First-time filmmaker Cory Finley gives us a convincing world of wealth and luxury—a suburban Connecticut dreamscape of big driveways, manicured lawns and stabled ponies. Finley’s camera glides through scenes like a hand running luxuriously over velvet. His story is extreme: let’s just say that these rich girls prefer guns and knives to ponies and pearls. But it’s also a brilliantly witty film. The chat between Amanda and Lily has a killer black humor to it, and the relationship between the two young women stays powerful and intriguing right to the end.
As the actors playing Amanda and Lily, Olivia Cooke (Me and Earl and the Dying Girl) and Anya Taylor-Joy (The Witch) give a masterclass in weird, intense friendships, nodding back to past films about tight teens in trouble like Cruel Intentions and Heavenly Creatures. Each young woman brings out the worst in the other. At first it seems like Amanda is the difficult one: she’s full of attitude and notorious for killing her own horse. Lily seems more prim and proper. But once she and Lily begin to bond, it’s clear they’re both as bad as each other.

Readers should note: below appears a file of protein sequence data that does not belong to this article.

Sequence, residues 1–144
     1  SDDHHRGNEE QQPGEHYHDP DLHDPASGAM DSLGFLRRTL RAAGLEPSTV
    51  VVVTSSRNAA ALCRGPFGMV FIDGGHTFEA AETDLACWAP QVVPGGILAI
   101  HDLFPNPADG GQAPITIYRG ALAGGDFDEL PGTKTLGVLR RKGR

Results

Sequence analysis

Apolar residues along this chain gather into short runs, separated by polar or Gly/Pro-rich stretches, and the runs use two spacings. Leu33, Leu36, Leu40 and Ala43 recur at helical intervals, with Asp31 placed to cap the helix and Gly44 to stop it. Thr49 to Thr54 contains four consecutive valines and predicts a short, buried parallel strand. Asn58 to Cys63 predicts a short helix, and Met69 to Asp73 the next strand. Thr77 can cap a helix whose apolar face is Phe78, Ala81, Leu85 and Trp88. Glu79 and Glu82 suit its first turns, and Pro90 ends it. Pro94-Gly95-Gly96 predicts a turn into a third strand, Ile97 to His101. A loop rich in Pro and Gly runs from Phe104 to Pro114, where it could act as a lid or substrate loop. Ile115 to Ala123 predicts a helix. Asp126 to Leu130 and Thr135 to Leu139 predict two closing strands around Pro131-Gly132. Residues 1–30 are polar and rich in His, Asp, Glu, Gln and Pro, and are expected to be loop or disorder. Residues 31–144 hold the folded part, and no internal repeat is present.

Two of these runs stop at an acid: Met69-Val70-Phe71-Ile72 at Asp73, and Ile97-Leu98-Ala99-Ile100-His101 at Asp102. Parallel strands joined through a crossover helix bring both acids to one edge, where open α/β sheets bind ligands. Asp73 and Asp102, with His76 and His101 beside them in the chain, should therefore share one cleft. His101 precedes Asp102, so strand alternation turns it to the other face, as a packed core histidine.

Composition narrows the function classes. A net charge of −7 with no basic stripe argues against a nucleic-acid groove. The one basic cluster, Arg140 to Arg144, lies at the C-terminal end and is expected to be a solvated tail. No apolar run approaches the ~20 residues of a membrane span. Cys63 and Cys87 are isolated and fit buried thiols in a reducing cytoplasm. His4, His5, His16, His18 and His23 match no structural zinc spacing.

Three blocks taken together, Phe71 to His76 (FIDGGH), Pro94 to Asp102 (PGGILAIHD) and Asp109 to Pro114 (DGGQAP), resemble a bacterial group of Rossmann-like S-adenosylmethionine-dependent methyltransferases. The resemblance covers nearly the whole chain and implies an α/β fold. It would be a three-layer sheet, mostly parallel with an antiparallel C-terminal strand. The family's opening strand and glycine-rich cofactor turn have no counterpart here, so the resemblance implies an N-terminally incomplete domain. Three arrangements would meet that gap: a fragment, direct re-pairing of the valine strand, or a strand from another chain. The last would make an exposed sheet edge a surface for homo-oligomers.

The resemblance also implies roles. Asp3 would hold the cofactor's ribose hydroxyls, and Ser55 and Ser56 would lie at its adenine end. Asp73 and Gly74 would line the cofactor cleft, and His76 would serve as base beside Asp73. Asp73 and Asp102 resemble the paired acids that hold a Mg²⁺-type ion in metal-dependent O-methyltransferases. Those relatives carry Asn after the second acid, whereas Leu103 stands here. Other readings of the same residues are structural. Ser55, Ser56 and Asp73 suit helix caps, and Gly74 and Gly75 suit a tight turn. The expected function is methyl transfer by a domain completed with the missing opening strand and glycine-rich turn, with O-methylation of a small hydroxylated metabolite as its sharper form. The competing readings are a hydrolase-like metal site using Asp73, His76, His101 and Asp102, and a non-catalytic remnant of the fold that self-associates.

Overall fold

With Lily desperate for her stepdad to disappear, and Amanda unable to feel any emotions or care for other people, the pair enter into a dangerous relationship with a local drug dealer, Tim, who’s played by the late Anton Yelchin. Tim is a shaggy-haired, twitchy criminal, but Yelchin plays him as more sad than seedy. It’s a great performance. We end up feeling sorry for Tim, especially when Amanda and Lily start to play with him. The scenes of the three of them together are electric, not least an unforgettable episode at Lily’s house involving a classic stand-off with a gun.
Writer-director Cory Finley is a genius with dialogue. The talk in Thoroughbreds is extremely careful, with as much attention paid to timing and pauses between lines as to the words themselves. It’s full of quotable lines, right from when Amanda tells Lily at the start how she plans to ‘Steve Jobs her way through life’ rather than bothering with education. We’re ‘just two minors with incredibly expensive family lawyers’ they later tell Tim. It helps that Cooke and Taylor-Joy are such great performers, lending these words a sense of cool detachment that gives the movie such bad-assed attitude.
Thoroughbreds is a story that creeps up on you. First, you’re loving the chat and the playful, strange relationship between Lily and Amanda—then the next minute you’re watching the film through your fingers and worried if you’re going to be able to deal with the next scene. It would be unfair to give away much, but let’s just say that what begins as a portrait of an unusual friendship turns into something much more unpredictable and nail-biting and bloody. It’s a highly original and expertly crafted film, and you’d be foolish to turn down an invitation into its world of twisted humor, privilege and power.